Well, it’s been a little while since I’ve had some time to post here. After looking over my blog posts for the past few months, I’m realizing it’s time for me to put some of my own things on here. Enough book reviews already! Hopefully, it is helpful to see these books reviewed. It’s impossible to read everything that’s out there – even on a given topic it’s hard to read all that’s there on that, so I find it helpful to share what we’re reading. However, let’s not get carried away. I’m going to work at actually shortening my reviews (imagine that!) and offering more frequent personal musings reflecting on what I’ve read collectively (as Gary Holloway quipped this past weekend at a conference I attended, “Everything I know I read in a book.”). So you can judge how “mine” this stuff actually is.
I’ll begin my aspirations towards shorter book reviews here with a quick note about Justice in the Burbs. Simply put, this book is great! It’s a realistic, down-to-earth, practical quick-hitter on the topic of awakening your social conscience. Mary Beth and I have been having lots of deep discussions looking at the status and direction of our life. Our social consciences have been awakened and the Samson’s hit us right between the eyes with this book.
The way that the book is put together is probably its best strength. Lisa Samson is a novelist by trade and she created a story following a typical suburban couple through the process of awakening their social conscience. This aspect of the book makes it especially easy to relate to. Following each section of fiction, Will follows with a short, but pointed, teaching section looking at the issues the fictional couple is faced with. Finally, at the end of each chapter, there is a devotional contribution from several different authors looking at the issues raised from yet another angle.
All throughout the book I found myself saying, “Yeah, that’s what I’ve been saying.” They manage to deal with a difficult and convicting issue in a gentle yet poignant manner. Anyone interested in simplifying your life and seeking practical easy-to-implement answers to questions like, “How do I serve the poor in my suburban context?” and “How can I live justly in an area that seems to have everything anyone could want?” would do well to read this book.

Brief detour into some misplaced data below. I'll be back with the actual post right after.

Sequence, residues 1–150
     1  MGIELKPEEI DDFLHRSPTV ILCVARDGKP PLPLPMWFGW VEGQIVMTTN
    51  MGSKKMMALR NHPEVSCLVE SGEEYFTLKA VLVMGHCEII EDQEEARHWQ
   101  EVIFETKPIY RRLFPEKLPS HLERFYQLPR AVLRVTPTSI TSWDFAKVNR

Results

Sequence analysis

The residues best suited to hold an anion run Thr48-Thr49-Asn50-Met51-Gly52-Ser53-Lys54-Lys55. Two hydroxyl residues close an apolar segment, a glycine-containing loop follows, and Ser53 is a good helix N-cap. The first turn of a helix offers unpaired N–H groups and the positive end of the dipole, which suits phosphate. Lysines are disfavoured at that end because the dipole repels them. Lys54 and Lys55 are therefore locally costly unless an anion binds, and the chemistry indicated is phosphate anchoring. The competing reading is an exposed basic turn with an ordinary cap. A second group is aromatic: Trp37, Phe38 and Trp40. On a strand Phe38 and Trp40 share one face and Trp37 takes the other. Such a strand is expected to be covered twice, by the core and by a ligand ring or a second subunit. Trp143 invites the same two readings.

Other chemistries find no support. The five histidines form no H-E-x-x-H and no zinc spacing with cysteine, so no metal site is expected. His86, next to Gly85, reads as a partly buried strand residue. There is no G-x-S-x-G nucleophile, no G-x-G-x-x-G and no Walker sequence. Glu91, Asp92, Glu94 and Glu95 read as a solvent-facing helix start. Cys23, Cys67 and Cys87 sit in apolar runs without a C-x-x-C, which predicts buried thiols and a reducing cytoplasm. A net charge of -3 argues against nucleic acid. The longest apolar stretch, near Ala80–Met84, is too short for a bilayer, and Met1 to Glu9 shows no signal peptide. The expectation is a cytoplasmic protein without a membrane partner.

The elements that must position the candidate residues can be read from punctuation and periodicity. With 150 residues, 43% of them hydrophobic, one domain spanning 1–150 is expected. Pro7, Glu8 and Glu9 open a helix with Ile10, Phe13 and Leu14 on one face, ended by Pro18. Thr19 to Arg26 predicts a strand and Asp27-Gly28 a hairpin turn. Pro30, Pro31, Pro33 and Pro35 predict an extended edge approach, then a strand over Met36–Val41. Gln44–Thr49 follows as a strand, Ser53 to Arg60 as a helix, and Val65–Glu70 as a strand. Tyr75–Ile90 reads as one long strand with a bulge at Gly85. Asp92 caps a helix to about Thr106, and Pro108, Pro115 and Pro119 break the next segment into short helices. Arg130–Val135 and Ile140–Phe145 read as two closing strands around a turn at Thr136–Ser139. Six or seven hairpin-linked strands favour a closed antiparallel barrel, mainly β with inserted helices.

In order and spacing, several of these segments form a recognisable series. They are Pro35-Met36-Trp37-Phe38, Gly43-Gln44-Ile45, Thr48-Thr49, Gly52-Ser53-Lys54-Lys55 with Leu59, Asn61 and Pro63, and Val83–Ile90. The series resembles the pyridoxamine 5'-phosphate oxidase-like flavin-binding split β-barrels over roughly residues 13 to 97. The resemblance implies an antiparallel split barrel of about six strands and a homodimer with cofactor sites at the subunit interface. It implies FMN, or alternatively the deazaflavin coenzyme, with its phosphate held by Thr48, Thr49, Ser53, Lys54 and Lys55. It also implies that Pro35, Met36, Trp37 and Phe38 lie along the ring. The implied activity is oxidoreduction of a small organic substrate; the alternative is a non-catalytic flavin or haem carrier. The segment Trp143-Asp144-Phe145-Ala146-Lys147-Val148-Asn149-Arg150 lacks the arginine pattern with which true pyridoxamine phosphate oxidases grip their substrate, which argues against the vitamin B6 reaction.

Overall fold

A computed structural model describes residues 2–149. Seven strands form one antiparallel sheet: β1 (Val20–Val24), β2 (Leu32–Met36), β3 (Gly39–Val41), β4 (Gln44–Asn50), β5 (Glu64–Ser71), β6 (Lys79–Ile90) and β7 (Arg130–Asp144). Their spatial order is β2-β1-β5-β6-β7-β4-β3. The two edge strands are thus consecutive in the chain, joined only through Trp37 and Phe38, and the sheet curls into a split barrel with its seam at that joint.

There is much I could say about this book . . . but, hey, I said I would shorten it up. This book definitely takes a real and critical look at the American culture and a Christian’s responsibility of living in a land of plenty . . . offers much good fodder for discussion.
Along those lines, Mary Beth and I are committed to living more justly in our setting. I think it began with a commitment to simply by getting rid of some of our stuff. However, upon doing that, we realize just how complex things really are. As a result, what began as a simple process of getting rid of some things has turned into a complicated venture to simplify in many manners. Seeking God’s vision and direction in all of this is complicated and challenging.
I’ve befriended a guy in jail that we have begun discussing allowing to move in with us in a few months. Now, it’s all on the table, and the real discussion has begun. Pray for us as we venture into the difficult, yet exciting and rewarding journey into justice.